Jacobs Parents, Birth, and Early Years

Jacob Brumbaugh’s original name was Johann Jakob Brombach.[1] His parents were Jakob Brombach and his wife, Anna Catharina. They lived in the tiny village of Osthelden where they recorded Johann Jakob’s birth as having occurred between two and three in the afternoon of February 8, 1726, in the area around Siegen, Westphalia, Germany. They were part of the Protestant parish of Ferndorf, Kirchenkreis Siegen. They had Jakob baptized there, recording it in the baptism registry book on February 17, 1726. His parents asked Johannes Plim[m] to serve as his sponsor.[2] There in nearby Ferndorf was an “Evangelisch” church, which indicated that parishioners followed either the Lutheran or Reformed tradition.[3]

Jakob’s parents had married on the first of February, 1720, Jakob’s father, born April 1, 1690, died October 12, 1738, and was buried two days later at the age of 48 years. Jakob was the eldest son and had five siblings: one older sister, Anna Maria, born 1723, and three younger sisters, Anna Christina, born 1728, Anna Catharina, born 1734, and Maria Catharina, born 1737. His probable younger brother, Johannes Heinrich, was born 1731.[4]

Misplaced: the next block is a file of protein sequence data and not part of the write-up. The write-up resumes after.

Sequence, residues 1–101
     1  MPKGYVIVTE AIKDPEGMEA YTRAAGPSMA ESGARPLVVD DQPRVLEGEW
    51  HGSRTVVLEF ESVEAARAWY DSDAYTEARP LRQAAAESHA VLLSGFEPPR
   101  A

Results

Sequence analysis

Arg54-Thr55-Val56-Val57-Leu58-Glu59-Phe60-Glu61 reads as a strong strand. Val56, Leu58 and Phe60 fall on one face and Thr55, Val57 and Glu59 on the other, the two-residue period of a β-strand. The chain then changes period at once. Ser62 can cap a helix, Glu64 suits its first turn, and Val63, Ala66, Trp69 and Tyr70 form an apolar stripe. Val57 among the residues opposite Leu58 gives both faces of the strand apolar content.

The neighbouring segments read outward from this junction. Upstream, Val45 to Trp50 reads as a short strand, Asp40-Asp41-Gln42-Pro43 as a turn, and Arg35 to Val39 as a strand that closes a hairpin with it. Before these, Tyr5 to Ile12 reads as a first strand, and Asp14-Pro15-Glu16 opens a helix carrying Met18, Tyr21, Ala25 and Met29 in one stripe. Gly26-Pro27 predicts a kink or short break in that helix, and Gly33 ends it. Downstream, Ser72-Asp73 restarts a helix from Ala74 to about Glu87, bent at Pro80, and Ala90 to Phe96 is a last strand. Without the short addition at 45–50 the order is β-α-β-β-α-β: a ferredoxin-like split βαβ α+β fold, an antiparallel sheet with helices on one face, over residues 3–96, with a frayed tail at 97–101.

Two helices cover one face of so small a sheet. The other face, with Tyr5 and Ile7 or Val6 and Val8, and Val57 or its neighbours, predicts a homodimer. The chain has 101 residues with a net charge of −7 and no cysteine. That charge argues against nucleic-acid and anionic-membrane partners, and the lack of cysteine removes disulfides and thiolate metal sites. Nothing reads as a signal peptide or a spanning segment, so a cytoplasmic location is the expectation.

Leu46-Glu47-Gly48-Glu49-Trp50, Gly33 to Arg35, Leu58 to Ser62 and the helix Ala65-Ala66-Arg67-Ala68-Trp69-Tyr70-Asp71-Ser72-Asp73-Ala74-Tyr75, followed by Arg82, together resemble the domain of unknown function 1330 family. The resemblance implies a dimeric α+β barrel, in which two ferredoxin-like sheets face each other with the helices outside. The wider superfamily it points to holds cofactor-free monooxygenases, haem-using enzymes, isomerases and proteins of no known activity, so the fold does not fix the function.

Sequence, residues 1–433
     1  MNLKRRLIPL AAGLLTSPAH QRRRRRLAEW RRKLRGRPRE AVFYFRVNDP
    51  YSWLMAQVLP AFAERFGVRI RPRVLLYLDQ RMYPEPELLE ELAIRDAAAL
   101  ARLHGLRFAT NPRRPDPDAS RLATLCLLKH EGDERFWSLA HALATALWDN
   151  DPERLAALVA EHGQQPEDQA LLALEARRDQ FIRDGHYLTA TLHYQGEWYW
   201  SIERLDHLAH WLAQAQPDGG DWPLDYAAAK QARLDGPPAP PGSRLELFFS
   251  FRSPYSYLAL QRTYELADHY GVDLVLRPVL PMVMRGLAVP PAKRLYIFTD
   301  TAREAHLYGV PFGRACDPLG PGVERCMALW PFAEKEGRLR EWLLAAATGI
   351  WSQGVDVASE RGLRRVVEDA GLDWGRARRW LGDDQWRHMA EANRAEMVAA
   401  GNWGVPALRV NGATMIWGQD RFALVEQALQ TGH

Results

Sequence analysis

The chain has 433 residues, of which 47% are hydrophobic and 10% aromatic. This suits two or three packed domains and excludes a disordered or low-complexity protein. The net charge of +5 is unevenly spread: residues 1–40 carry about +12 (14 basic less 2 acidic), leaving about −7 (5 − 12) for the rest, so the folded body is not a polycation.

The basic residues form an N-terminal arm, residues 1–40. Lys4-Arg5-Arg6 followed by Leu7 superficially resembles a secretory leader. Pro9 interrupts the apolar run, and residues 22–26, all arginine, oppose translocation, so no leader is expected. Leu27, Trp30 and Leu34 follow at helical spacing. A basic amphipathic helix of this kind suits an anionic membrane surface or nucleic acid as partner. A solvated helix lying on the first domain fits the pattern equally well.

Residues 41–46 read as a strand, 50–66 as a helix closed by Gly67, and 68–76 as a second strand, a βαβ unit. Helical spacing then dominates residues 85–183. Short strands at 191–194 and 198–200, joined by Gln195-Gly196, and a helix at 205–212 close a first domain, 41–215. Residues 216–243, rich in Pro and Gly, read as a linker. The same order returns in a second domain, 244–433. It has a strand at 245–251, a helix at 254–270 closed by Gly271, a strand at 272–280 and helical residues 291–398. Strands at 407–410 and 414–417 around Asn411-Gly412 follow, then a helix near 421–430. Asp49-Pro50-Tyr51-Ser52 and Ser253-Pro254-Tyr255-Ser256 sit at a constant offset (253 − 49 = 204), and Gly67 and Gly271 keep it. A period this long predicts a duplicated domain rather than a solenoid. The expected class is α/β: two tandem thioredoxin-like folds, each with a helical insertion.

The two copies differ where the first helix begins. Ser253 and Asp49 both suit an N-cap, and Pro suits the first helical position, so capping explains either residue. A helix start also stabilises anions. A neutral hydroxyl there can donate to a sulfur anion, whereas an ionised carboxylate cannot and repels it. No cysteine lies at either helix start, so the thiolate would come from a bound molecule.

Back then his small village offered the Brombachs marginal agriculture, and few raw materials, including stands of beech and oak trees on steep slopes. The valleys of the surrounding area were not broad. Forests covered the majority of the territory mid-way down the Rhine River valley, toward the port of Rotterdam in Holland.  The Brombachs lived on the edge of this forest with a little farming, some pasturing, and a trade. This served to circumscribe their lives; they barely eked out a living for their growing family.